After Bob Dylan was officially presented with the Nobel Literature Award, David Young weighs in on the debate over whether music can be considered literature and whether Dylan is a truly worthy recipient of the award.
Bob Dylan has been no stranger to controversy in the press throughout his six-decade career, but usually it’s his own fault. Since October however, he’s been tangled in a mess not of his own doing. In the bizarre process which sees the winner of the most-highly esteemed prize in world literature being picked by seven Swedish writers who you’ve never heard of, Dylan won the 2016 Nobel Prize for Literature. An unpopular choice as it turned out, with Vice, Pitchfork, Slate, The Telegraph and The New York Times all writing articles in complaint, squaring up to the likes of the Guardian, the Independent and Rolling Stone in Bob’s defence. Naturally, it falls to Pi to settle the dispute – was Bob a worthy winner? Absolutely.
There was a lot of confusion following the announcement of the decision, and it didn’t help that the Nobel Committee’s explanation of Bob’s victory seemed somewhat incongruous: for “creating new poetic expressions in the American tradition”, something which suggests elegant metaphors and flamboyant phrases – things that are not Dylan’s currency. Granted the allusion to the American tradition was spot on – American geography, politics, history and mythology are central to Dylan’s art – but it appears something was lost in translation.
Their explanation also didn’t help to smooth over the main point of contention – it seems a bit dubious to classify Dylan as literature, after all, his works are listened to rather than read, performed rather than written, and their meaning is enhanced by music, which is a non-verbal art form.
Sure, it is a bit of a stretch to call Dylan an author of literature. But I think it’s a stretch that Nobel would have wanted us to make. For he also said that the prize should go to an author who had provided “the greatest benefit to mankind” and produced “outstanding work in an ideal direction”. Dylan ticks these boxes, no problem.
And though Dylan’s work may not seem to be so traditionally, it is essentially literature. Everything you get from great literature you can get from the work of Bob Dylan. His songs are invariably enthralling, poetic stories of the highest calibre. Through Bob’s aesthetically beautiful works of fiction we can come to learn valuable new things of the world and people around us. And he writes like a great author of literature – he is distinctive, imaginative, innovative, nuanced, insightful, sometimes funny, sometimes serious, confounds expectations, has immersive plots, great characters and is a master of language. Unlike the vast majority of lyricists, his songs tell stories; he writes with very little repetition, and every word gives the impression of being chosen for the specific impetus it will supply to the narrative.
And while the fact that Dylan’s works can’t really be experienced or packaged in the same way traditional works of literature can, the way we unravel the message or meaning of Bob’s art is the same as in literature – through the decoding of language. It may be spoken language rather than written language, but why should this matter? In both cases words are the medium.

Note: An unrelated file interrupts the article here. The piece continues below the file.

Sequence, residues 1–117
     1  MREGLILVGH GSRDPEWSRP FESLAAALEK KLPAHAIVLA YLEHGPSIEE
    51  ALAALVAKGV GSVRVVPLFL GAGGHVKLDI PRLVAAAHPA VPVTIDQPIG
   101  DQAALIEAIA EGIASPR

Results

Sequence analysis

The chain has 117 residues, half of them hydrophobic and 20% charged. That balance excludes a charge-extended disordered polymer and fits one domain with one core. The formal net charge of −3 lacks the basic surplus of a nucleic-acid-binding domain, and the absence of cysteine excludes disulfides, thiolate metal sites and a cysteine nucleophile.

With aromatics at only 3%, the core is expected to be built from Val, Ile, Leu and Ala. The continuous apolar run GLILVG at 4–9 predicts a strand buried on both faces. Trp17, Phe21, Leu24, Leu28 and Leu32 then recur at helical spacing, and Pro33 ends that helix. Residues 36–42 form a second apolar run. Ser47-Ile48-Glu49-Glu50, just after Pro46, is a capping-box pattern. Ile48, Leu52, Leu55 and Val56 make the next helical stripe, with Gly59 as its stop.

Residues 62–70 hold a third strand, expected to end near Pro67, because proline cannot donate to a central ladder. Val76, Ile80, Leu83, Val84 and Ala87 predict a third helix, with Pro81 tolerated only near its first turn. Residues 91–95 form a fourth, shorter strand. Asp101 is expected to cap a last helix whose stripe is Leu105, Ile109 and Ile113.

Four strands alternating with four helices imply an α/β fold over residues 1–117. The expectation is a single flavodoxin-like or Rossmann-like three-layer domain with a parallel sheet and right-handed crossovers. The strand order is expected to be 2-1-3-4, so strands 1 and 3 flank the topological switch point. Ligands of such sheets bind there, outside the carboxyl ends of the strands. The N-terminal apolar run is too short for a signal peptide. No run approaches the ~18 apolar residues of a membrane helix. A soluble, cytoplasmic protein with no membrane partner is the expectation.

This was one of the main sticking points of the initial debate concerning Bob’s prize, with many taking the position that for art to be literature, it had to consist of written language only, making Dylan ineligible. If Dylan’s works are read as texts as if they were poems, some of the quality is inexorably lost – expressed purely as written language, Dylan’s lyrics are not Nobel Prize-worthy.
But this is a bizarre position to adopt given that plays are traditionally accepted forms of literature, and they too suffer the issue of losing their fidelity when read only as texts. The works of Beckett and O’Neill were not written in order to be read, but rather to be performed. They should be experienced through performance, and something is lost when they are only read in one’s head. Since this is true of Beckett, O’Neill and Dylan, and the first two are clearly authors of literature, why can’t Dylan be?
Well maybe he can’t be because he uses non-verbal media to convey his semantic content – sound is integral to Dylan’s art, whether it’s music setting the mood of his work, or tone of voice disclosing information about his characters. But again the same argument can be made for plays. They also use non-verbal media to convey semantic content, through tone of voice, appearance, gestures and body language. If plays can be literature, then so can lyrics.
And that’s why Dylan deserves his prize. He is an author of literature because literature encompasses all art forms which convey semantic content primarily through language, even if some non-verbal forms of communication have to be used to appreciate a work to the full.
In fact, it is long overdue that lyricists are recognised as worthy candidates for the Nobel prize, as Dylan is but the first of many that would be deserving winners. Leonard Cohen would have been a great choice, but sadly no-one can be nominated posthumously. His fellow Canadian Joni Mitchell is perhaps then the next most obvious choice, a singular talent who like Bob merges the funny, the tragic and the everyday with beauty, wit and fierce intelligence. Then, further down the line, Nick Cave and Tom Waits would be deserving winners. Perhaps in many years even a figure like Kendrick Lamar could win the Nobel Prize, with a focus on dignifying and chronicling the lives of the marginalised and challenging racism already topics that have frequently been honoured by the Nobel Committee.
So congratulations to Bob Dylan, legendary songwriter and truly deserving Nobel Prize winner. Here’s hoping he’s the first of many.
Featured Image Credit- Wikimedia Commons